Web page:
developments are at least being done with an eye towards the runway’s
eventual existence.

 
  Quality and Style at LAS’s new London Air Centre
  p27_LAS_28a-1
  (Left
to right): John Scott, CEO Scott Construction; Don Nishimura, president
and chief operating officer, Scott Construction; Vic Donaldson,
division manager, Industrial Scott Construction Group; Brandt Louie,
chairman of H.Y. Louie Group; Donna Figueira, director of real estate;
and Wynne Powell, president and CEO, LAS. (Photo by Leighton Matthews)


  London
Air Services recently cut the ribbon and opened its newly finished
London Air Centre corporate hangar at Vancouver International Airport
at its grand opening celebration hosted by Wynne Powell, president and
CEO of LAS. During the March 26 champagne gala, with approximately 100
people in attendance, Powell discussed the company’s 10-year history
and recent achievements. Along with Brandt Louie, chairman and CEO of
LAS’s parent corporation, H.Y. Louie Group, Powell invited guests to
tour the new facilities and get to know some of the LAS staff on hand
for the event.

In addition to officially opening the new 61,000-square-foot hangar,
Powell and Louie also performed a ribbon-cutting ceremony on LAS’s
newly acquired Challenger 604 that was recently delivered from the
factory. Powell also took the opportunity to announce that LAS had
ordered five new Bombardier Learjet 85s, which will be the largest
Learjets ever made once delivered. Providing greater comfort, expanded
range, and increased speed, the Lear 85 will give LAS more of what it
has provided in the past – high quality and luxurious style.

Ray Segat, director Cargo & Business Development with the Vancouver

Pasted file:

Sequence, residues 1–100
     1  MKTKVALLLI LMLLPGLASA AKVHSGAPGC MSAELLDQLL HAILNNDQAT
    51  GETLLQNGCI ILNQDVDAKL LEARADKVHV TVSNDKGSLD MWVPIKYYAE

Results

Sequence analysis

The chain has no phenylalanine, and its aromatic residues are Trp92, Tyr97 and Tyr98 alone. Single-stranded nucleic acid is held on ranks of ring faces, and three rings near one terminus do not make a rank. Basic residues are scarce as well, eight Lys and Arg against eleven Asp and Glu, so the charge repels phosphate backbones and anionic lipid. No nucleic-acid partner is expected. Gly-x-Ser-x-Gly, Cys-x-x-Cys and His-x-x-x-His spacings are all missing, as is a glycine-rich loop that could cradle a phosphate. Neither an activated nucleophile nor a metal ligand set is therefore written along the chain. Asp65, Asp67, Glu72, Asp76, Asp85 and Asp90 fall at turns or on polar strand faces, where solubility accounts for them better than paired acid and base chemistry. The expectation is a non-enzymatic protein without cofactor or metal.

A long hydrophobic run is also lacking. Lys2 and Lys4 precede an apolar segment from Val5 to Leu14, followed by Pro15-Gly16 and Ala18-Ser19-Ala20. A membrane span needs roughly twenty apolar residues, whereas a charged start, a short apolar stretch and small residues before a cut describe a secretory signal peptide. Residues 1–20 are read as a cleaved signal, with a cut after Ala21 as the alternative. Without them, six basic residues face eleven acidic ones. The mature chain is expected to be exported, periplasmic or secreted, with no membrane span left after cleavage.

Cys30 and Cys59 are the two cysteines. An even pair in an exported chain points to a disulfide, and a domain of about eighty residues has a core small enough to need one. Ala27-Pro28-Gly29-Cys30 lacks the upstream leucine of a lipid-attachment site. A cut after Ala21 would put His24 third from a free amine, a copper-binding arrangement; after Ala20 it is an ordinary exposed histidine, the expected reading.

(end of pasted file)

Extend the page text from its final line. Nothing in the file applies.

Airport Authority, says the Vancouver Airport Authority is pleased to
see LAS’s business grow. “The new LAS hangar is a great addition to
their business at YVR.” Although not able to say if other large-scale
projects are underway, he did say one option in the future, should
demand warrant it, would be the construction of another runway on the
south side of the airport.

Powell expects the company’s new hangar to take some time to fill up.
Not just because of the size, which he points out will accommodate a
Boeing 757 if you deflate the tires slightly to get the tail through
the door, but because it is a first-class operation, and not everyone
wants, or can afford, to fly first class. It all comes down to the old
saying, “why pay more?” Of course, the old marketing question is
supposed say that if you can get something less expensive, don’t pay
more money “for the same thing.” But it’s the answer to the question,
the reality, that if you want the best, it’s going to cost extra. And
LAS doesn’t shy away from that scenario. To the contrary; it provides
services specifically designed to cater to it. Says Powell, “those that
want the best protection, this is the hangar of choice. Other owners
will look for less expensive options. But if they need fire suppression
or earthquake protection for insurance, this is for them.”

If the new hangar isn’t enough to keep Powell busy, without so much as
a chance to stop and take a breathe and let it all soak in, LAS
recently acquired its third Agusta-Westland AW139 helicopter (no
comment on price) with all weather deicing capability, which will give
them a year-round charter capability.

“You have to have a passion for what you believe in. You have to ask
yourself, ‘Why is it important to do this?’ This is not for the faint
of heart. There’s a fine line between making money and losing money; we
work at it every day. ”